100g | 3/4c brown rice flour*

20g | 2T + 1t arrowroot

4g | 1 ¼ t xanthan gum

3g | 1 t kosher salt**


150g | 2/3c water

100g | 1/2c sourdough starter***

5g | 1t olive oil

*If you prefer white rice flour, use less water, since brown rice flour is more absorbent than white rice flour. Sweet rice flour will not work well here.

**I use Diamond Crystal Kosher salt. If you are using a different brand, I recommend using the 3g measurement, not the teaspoon. If you don’t have a scale, it is best to salt to taste! If the dough ends up undersalted, you can fudge it a bit with salty toppings.

***You can use less than ½ c of sourdough starter if you don’t have enough on hand. Use at least ¼ c. If your starter is liquidy (pourable instead of scoopable), drop the water in this recipe a touch to compensate.



Make this dough 6-24 hours before you want to bake it. Sourdough likes to take its time, and it will not hurry no matter how much you beg it / sing to it / yell at it. If you are in a hurry, try using warm water in the recipe - that will help it be ready closer to the 6 hour mark. Longer fermentation = more flavor in the dough.

Whisk together your dry ingredients in a large mixing bowl. Then add your wet ingredients directly to the bowl and stir until you don’t see any lumps, and ingredients are well combined (Don’t worry about overmixing - it’s not an issue here).

Cover the mixing bowl with a plate or damp tea towel, and let it ferment. 

After 6-24 hours, you should see many air bubbles under the surface of the dough, and the dough should have expanded a bit. It may not double, so don’t fret if it is still small. If you see no air bubbles, there may be an issue with your sourdough starter, you may need to ferment it for longer, or your sourdough may just behave in a way that I’m not familiar with. You can always try to bake it and see what happens. I do that more than you might think! It’s a great way to learn about your starter.

Preheat your oven to 450. If you have a pizza stone, put it in the oven now. On a baking tray, lay out parchment paper and add a generous amount of olive oil. Scoop all the dough onto the oil, and turn it to coat with oil. Using oiled hands, gently pat the dough down into a flat disc, and start to shape it into a thin dough with thick edges all around. You can pat from the center outward, or in a circular motion. If it tears, you can pat dough back toward the hole to patch it.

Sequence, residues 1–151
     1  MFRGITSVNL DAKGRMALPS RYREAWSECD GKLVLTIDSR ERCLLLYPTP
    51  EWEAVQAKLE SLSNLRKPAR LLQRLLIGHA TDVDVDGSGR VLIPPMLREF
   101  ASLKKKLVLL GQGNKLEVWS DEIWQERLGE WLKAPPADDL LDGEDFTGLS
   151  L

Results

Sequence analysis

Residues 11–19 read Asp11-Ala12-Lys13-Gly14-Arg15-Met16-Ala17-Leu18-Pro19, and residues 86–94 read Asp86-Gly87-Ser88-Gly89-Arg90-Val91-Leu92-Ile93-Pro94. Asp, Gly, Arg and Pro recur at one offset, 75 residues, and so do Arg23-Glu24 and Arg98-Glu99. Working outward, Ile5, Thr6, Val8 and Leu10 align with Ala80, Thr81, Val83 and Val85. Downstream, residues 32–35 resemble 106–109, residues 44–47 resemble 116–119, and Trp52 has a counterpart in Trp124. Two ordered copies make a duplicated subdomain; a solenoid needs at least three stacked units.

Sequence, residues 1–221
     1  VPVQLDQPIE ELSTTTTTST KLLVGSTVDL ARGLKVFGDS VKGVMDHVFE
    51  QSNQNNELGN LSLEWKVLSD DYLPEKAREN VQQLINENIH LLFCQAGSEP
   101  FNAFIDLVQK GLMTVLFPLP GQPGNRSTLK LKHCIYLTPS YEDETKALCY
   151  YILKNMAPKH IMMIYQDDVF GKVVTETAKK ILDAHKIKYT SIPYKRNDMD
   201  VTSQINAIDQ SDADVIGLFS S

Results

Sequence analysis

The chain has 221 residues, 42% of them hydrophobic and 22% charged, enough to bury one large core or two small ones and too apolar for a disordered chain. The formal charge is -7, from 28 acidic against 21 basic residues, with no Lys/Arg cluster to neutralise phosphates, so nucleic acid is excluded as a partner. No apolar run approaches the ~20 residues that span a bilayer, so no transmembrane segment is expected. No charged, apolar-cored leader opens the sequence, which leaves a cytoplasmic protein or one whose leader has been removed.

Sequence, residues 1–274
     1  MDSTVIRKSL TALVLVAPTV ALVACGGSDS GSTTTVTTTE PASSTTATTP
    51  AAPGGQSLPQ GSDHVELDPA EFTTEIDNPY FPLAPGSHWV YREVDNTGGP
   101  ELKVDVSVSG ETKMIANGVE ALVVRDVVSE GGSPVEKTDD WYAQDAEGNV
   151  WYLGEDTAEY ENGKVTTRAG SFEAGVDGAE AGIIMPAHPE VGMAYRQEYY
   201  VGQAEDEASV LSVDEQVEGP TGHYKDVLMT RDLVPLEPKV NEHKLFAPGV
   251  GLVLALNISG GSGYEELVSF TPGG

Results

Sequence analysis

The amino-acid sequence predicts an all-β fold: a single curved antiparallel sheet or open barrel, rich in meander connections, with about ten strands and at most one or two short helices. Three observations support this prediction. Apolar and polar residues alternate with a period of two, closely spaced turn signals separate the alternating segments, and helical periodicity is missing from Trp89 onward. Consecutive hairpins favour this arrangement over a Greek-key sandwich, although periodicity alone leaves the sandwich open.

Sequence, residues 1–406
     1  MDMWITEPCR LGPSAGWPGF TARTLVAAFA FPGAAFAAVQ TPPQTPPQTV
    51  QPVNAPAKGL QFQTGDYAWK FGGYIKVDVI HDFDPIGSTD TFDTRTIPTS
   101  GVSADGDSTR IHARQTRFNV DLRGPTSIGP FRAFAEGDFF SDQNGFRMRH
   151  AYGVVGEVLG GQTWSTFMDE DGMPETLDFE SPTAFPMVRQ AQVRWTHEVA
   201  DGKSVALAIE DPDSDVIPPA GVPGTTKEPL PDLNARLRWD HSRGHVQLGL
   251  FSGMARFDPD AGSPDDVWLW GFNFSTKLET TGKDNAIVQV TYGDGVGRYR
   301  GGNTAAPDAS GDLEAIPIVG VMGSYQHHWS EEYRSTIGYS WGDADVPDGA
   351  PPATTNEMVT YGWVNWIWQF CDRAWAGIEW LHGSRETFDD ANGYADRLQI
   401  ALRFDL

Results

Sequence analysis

When the dough is your desired thickness, it’s ready for parbaking. Put it in the oven (you can slide it directly onto your pizza stone, or keep it on the tray) and bake for 10-20 minutes depending on thickness. The dough will start to puff up and soften, and then will shrink back a little bit as water evaporates. It is ready when the crust is firm to the touch both at the edge and in the center, and you see some golden coloring especially on the edges. If you pull it out too early, the crumb structure will fall, which is sad! If you leave it in for too long, the pizza will be a deeper golden color and might be crispier, which is delicious! So err on the side of overbaking if you are unsure. When you’re ready, take the dough back out of the oven for topping.

While the crust parbakes, prep your favorite toppings. I often add some veggies to the oven while the crust bakes to take some of the liquid out of them, or to give them a deeper roasty flavor. Note that extra wet toppings will make for a floppier pizza since the dough will take on that moisture. This happens with fresh tomatoes, fresh mozzarella, tomato sauce that hasn’t been reduced down, zucchini, etc. (These toppings are all delicious, so I still encourage you to use what you love! My pizzas are always floppy - I have no topping discipline).

Top your pizza crust. I love to add fresh coarsely chopped garlic all over the place. Usually I put it on last. Garlic soaked in oil is also a yummy option. Place your topped pizza back in the oven, and bake until your cheese is the desired level of melty, bubbly goodness. I bake mine for about 15 minutes. Throw some fresh basil on top if you have any on hand!

Transfer the hot pizza to a cutting board, slice, and serve. Remember to feed that sourdough starter so you have enough for your next pizza night!

If you are not eating this pizza right away, don’t slice it yet. Slicing while the crust is hot will make it stick to itself a bit, although hot delicious toppings and a crispy crust more than make up for this.

If you are not ready to bake your pizza, or if you have extra dough, you can freeze the fermented dough for a future pizza night. Thaw thr dough in the fridge for a few days before use. Note that freezing does kill off the wild yeast, but it will still make a successful pizza crust once thawed.